Research shows that muscle protein synthesis is greatest in the period after resistance training and when the powers of these two factors combine, we get the optimised rates of muscle mass gain. So, when one of these factors is missing (or abruptly taken away), what can be done to maintain lean mass? Well, reduction in muscle mass (also known as atrophy) occurs due to a reduced rate of muscle protein synthesis as a result of the stimulus (resistance training) being removed. However, the good news is that dietary protein also stimulates muscle protein synthesis. Looking at the research on the management of body composition for injured athletes, it is possible to make inferences on how to manage this current scenario (strangely I found no research on maintaining muscle mass when gyms suddenly get closed down as a result of a pandemic…could be an area for further investigation). Research indicates that by maintaining or increasing protein intake (for an athletic population we are looking at 1.6-2g/kg body weight daily) and evenly distributing the protein in ~40g serves in meals across the day that we can restrict the loss of muscle mass during periods of reduced training volume. This may be done with fresh protein rich foods, however given the reduction in the availability of many fresh meats, eggs and poultry due to panic buying, whey protein stands to be a very useful and shelf stable addition to daily protein intake which you might include 1-2 times a day for this period. And don’t forget other plant-based sources of protein from legumes, tofu, and wholegrains will also contribute to total daily protein intake and are readily available. 

4. Pay attention to your diet quality

Now is a great time to review the overall, and habitual, quality of your diet. I mention habitual quality because, while there certainly foods which are known to have benefits for immune function, if you are only consuming these foods on occasion, the impact may not be remarkable. The nutrients in foods are of benefit to our body when provided regularly and, generally, via lower doses than you may think. Once off mega-doses are in most cases of little value (unless a medically diagnosed, frank deficiency exists). So, the benefits of that one-week salad kick in January has probably worn off by now. Immune function is a hot topic right now and many people are on the hunt for the one ‘super food’ or supplement that will ‘boost’ their immune function. Here, the sentiment remains the same, in order to benefit, even with supplementation, we need to be consistent. Immune function is of the utmost importance for maintaining health generally and for reducing downtime from the gym, where attendance has already been compromised, it would be smart to use any extra time you may have acquired from reduced transit time to prepare more food from home using healthy unprocessed ingredients to boost your intake of micronutrients. Look up some healthy recipes and practice cooking up batches of healthy meals which you can have on hand for lunches at home or freeze for later.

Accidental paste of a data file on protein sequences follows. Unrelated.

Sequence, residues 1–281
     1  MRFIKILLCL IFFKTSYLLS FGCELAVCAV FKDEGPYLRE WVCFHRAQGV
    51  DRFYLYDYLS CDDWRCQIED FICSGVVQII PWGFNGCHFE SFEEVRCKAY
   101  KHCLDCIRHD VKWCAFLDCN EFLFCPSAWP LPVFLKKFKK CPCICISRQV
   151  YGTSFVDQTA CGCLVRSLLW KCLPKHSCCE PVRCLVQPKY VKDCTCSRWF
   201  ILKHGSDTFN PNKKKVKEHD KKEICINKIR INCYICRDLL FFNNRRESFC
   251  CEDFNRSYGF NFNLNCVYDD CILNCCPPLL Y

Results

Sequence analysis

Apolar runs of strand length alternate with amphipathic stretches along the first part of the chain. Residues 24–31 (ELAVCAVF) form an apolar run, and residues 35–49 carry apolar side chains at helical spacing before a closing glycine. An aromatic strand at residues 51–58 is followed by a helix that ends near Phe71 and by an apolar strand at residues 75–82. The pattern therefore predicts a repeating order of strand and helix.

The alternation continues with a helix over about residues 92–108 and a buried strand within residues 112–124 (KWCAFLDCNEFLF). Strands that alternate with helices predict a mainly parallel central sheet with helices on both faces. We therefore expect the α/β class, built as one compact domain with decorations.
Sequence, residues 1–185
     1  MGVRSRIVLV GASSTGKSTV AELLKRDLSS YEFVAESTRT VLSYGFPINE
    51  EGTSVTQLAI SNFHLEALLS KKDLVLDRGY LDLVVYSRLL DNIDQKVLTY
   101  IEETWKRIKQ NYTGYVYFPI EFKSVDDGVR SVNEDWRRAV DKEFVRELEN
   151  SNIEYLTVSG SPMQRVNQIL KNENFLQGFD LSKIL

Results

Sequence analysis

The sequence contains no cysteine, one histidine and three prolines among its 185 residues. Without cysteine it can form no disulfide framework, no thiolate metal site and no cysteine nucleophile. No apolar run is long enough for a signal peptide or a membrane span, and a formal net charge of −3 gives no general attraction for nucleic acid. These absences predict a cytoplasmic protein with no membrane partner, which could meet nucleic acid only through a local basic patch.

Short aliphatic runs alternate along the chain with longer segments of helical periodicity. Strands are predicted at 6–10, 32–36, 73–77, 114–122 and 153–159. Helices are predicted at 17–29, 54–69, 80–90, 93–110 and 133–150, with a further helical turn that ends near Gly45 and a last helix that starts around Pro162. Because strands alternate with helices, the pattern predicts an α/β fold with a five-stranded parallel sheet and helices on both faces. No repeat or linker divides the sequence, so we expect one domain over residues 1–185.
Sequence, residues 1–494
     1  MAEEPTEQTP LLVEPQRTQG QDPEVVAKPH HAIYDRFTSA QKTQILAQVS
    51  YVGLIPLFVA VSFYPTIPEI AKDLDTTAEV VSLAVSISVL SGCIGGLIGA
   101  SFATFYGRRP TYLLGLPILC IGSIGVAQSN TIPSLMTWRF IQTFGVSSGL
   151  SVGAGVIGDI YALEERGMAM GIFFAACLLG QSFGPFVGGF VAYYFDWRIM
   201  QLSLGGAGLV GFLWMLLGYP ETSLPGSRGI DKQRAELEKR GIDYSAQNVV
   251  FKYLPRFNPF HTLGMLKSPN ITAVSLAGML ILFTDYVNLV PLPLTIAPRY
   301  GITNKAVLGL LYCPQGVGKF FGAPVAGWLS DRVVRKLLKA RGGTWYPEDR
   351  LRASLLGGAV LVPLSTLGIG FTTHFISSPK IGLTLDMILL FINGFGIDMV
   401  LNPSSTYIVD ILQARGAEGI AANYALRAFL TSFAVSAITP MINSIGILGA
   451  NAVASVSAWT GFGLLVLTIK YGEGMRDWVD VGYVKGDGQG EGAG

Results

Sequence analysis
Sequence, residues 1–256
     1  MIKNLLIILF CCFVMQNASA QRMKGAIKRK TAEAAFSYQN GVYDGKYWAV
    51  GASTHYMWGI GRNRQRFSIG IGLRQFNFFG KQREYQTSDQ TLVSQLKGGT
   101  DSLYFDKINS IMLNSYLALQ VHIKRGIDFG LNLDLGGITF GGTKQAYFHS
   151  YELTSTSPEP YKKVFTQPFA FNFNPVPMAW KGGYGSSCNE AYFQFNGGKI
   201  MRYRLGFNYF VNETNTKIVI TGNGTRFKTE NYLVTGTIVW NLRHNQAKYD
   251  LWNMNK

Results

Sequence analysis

The next few months have many question marks looming over it. However, where possible it can feel good to take control of the things that you can influence. You may not get ‘perfect’, but I haven’t met many people who do get a clear run when they are trying to change up their nutrition or when training for an event. The people who maintain healthy habits year round are the ones who have established routines and habits and who look for the next best option when things don’t go to plan, rather than throwing the whole plan out. So, while it might not be the perfect time to make changes to your diet, if you can get into a good routine under these circumstances, imagine what you can do when things get back to a more normal pace? 

Comments are closed.